It was rather strange for me that I used Huygens–Fresnel principle in optics a lot, still not knowing anything about its origin. So I tried to look it up in some books, including Born-Wolf, and did not succeed. In Wikipedia there is a reference which says that it has to do with nothing but initial value problem for the wave equation. Still, there is another one (9), which says that it is a consequence of space homogeneity.

I would be very grateful if somebody tells me if there is any physical reason at all, as far as the mathematical one seems to be right.


1 Answer 1


The Huygens-Fresnel principle comes from looking at the Green's function for the wave equation.

If we look at the response of free space to a point disturbance, it turns out to be a spherical propagating wave, hence Huygens principle.

Mathematically, we solve for the Green's function $G$ in the following equation.

$$\left(\nabla^2-\frac{1}{c^2}\frac{\partial^2}{\partial t^2}\right)G(\mathbf{x},t;\mathbf{x}_0,t_0) = \delta(\mathbf{x}-\mathbf{x}_0) \delta(t-t_0)$$

With some math, this can be shown to be a spherically propagating wave.

The idea behind Green's functions is that once you know $G$, you can write any wave in roughly the following way:

$$u(\mathbf{x},t) \sim \int d\mathbf{x}^{\prime} G(\mathbf{x},t;\mathbf{x}^{\prime},0)u(\mathbf{x}^{\prime},0)$$

This is why, given the initial distribution of the wave $u(\mathbf{x}^{\prime},0)$, you can find the wave at a later time by propagating each point of the wave out with the spherical wave Green's function. For the exact form for the wave, see here https://math.dartmouth.edu/~ahb/notes/waveequation.pdf

Edit: As pointed out in the comments, there is a bit of subtlety going on with getting the homogenous solution from the inhomogenous Green's function, but looking at OP's question, that is more of a technicality. Using the inhomogenous Green's function for the inhomogenous case and vice-versa is justified by Duhamel's principle for Partial Differential Equations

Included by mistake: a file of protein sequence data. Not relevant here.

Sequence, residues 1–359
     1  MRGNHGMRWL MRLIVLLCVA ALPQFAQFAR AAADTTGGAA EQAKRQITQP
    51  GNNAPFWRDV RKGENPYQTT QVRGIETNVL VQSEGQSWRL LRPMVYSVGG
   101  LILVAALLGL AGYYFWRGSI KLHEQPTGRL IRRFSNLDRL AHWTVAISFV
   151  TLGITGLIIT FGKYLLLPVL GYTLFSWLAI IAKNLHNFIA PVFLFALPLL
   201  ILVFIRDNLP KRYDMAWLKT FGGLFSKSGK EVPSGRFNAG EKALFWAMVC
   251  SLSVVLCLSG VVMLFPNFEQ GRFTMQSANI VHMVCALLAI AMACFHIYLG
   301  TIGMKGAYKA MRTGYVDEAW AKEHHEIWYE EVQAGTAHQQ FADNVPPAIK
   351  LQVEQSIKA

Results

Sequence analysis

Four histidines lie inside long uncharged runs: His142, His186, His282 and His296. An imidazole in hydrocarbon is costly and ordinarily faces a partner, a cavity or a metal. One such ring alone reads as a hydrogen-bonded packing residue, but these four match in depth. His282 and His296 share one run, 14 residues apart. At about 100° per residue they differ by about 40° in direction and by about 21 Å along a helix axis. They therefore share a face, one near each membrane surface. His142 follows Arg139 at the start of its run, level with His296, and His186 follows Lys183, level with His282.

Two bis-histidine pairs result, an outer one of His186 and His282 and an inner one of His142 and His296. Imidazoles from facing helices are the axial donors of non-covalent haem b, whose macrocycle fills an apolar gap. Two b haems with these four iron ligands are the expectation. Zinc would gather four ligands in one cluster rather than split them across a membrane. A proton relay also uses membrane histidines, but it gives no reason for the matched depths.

• 2
    $\begingroup$ The Green's function is a solution of the inhomogeneous wave equation with the delta function as inhomogeneity and can be used to find the solutions of the inhomogeneous wave equation with general inhomogeneities. How do you arrive at your equation where the Green's function relates the time dependent solution of the homogeneous wave equation to an initial solution of the homogeneous wave equation? Did you derive this yourself? Or can you give a reference where this is derived? $\endgroup$
    – freecharly
    Apr 7, 2017 at 1:51
  • $\begingroup$ Good catch, technically you need the initial wave values and first derivatives as well. I'll fix the equation in my answer. You can read the math math.dartmouth.edu/~ahb/notes/waveequation.pd $\endgroup$
    – KF Gauss
    Apr 7, 2017 at 5:47
  • $\begingroup$ Your link resulted in "The requested URL /~ahb/notes/waveequation.pd was not found on this server." $\endgroup$
    – freecharly
    Apr 7, 2017 at 18:48
  • $\begingroup$ I think the "f" in ".pdf" got cut off. The link in the answer works. $\endgroup$
    – KF Gauss
    Apr 8, 2017 at 1:23
  • $\begingroup$ Yes, we know the Green's function propagates the wave from all points. It still is not explicitly shown the usual picture of the adding and cancellations that form the wavefront a small time later. $\endgroup$
    – Bob Bee
    Apr 9, 2017 at 19:13

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